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Five things Mariano Rajoy has learned in his first 100 days

Record cuts, a key regional election, market hostility and a general strike – all in three months. What does all this tell Spain’s prime minister?


Try not to smile, Mr Rajoy. Photo: La Moncloa

1. Blaming the previous government can only get you so far. The Socialists left the public accounts in mess, let unemployment soar, and failed to acknowledge the crisis in the first place…We’ve been hearing all that for the last two years or so from the Partido Popular (PP). And turning the Spanish economy around in the near future, given the state it was in at the end of 2011, is a tough –some would say impossible- task. So far the governing party’s own support has remained steady, according to polls, even if Rajoy’s has slipped slightly. But at some point very soon, Spaniards are going to stop thinking about Zapatero’s feeble economic legacy and start focusing exclusively on the performance of his successor.

2. You only need one economy minister. Luis de Guindos was an obvious choice for many as economy minister. But his influence and message seem at times to have been blurred by some of those around him, not least Cristóbal Montoro, the “finance minister”. Montoro is seen as a political figure while Guindos is more technical – in theory a workable combination. But such chemistry was not apparent when the two men offered differing figures for the 2011 deficit within hours of each other. It was a slip that was soon remedied, but at the time it looked confused and amateurish. Guindos has among the toughest challenges of all of Europe’s economy ministers – he doesn’t need others in his own Cabinet contradicting him on crucial matters.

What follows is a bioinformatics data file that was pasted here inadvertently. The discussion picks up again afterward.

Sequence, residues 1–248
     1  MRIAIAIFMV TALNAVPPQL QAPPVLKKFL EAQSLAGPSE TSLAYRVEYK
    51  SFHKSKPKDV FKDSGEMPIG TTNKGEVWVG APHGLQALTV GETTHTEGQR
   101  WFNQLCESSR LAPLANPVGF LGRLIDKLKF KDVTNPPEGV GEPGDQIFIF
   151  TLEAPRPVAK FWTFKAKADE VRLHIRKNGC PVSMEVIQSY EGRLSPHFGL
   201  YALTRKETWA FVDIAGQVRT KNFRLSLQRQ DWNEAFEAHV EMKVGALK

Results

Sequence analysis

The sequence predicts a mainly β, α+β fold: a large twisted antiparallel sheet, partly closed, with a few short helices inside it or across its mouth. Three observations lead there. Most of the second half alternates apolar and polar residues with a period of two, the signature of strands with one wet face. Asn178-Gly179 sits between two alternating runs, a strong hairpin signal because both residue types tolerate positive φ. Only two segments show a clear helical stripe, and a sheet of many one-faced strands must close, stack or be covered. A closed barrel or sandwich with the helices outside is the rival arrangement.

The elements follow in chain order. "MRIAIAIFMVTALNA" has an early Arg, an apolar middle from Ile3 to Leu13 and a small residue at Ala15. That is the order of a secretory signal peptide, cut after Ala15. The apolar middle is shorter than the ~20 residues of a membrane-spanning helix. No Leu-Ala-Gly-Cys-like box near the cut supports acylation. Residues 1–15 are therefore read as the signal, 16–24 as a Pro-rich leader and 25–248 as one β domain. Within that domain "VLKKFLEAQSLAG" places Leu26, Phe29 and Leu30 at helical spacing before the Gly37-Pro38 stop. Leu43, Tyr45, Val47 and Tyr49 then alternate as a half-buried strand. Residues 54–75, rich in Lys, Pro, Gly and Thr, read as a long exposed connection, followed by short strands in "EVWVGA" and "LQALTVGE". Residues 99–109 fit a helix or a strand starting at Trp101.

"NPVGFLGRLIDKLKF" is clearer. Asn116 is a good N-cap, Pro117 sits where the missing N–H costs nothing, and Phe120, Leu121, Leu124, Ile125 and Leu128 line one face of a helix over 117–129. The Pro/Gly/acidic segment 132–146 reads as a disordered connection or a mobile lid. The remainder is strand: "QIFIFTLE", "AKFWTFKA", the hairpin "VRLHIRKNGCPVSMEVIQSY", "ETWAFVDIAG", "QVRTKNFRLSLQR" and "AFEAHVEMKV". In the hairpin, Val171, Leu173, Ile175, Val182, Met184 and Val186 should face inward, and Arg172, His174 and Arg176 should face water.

3. Spain matters more than Andalusia. It took the new government three months to unveil its budget for 2012, which contained unprecedented spending cuts. The reason the administration gave for the delay was that it needed all that time to get to grips with the mess left by the outgoing Socialists. But nobody really believed that. The real reason was that on March 25, Andalusia was due to hold elections which the PP looked likely to win – at least if it kept its austere national budget under wraps until after the vote. But the plan backfired. The PP ended up winning the most votes in the region, but the Socialists nonetheless look set to extend their 30-year grip on power there through a left-wing coalition. During the wait for the budget, the rest of the country –and the rest of Europe– were left wringing their hands in anguish and anticipation and Spain became the focus of the eurozone crisis. As with his delay in announcing Cabinet appointments, Rajoy failed to realise the importance of shelving convention or political considerations and instead acting swiftly to deliver a clear message.

4. Make sure you know when the microphone is switched on. It’s happened to virtually every frontline politician at one time or another, including the likes of Nicolas Sarkozy and George W. Bush: they say something rash, overly informal or downright stupid and a TV mic picks it up and broadcasts the gaffe. In Rajoy’s case, he was merely stating the obvious: the labor reform law, he told his Finnish counterpart, Jyrki Katainen, would “cost me a general strike.” Of course it would, but once he said that, it almost felt as if the unions sensed they had no choice but to strike. It also raised the broader point about Rajoy’s communication strategy. So far, he has continued where he left off as leader of the opposition: with an almost pathological aversion to giving press conferences or public statements, leaving much of that to his number two, Soraya Sáenz de Santamaría. If he is to make a dent in the notion that he is governing at the behest of the European Commission and Angela Merkel, Rajoy needs to start addressing the people who voted him into office and explaining why he is taking such unpopular decisions.

5. Don’t smile. People voted Rajoy in with the perception that he was a dull but cerebral figure. Like Labour’s Gordon Brown in the UK, when he tries to stretch that image it can look forced or even unnerving. A harmless grin can easily look like a deranged glare. Keep frowning, Mr. Rajoy.

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Published: Mar 31 2012
Category: Iberoblog, Featured
Republication: Creative Commons, non-commercial
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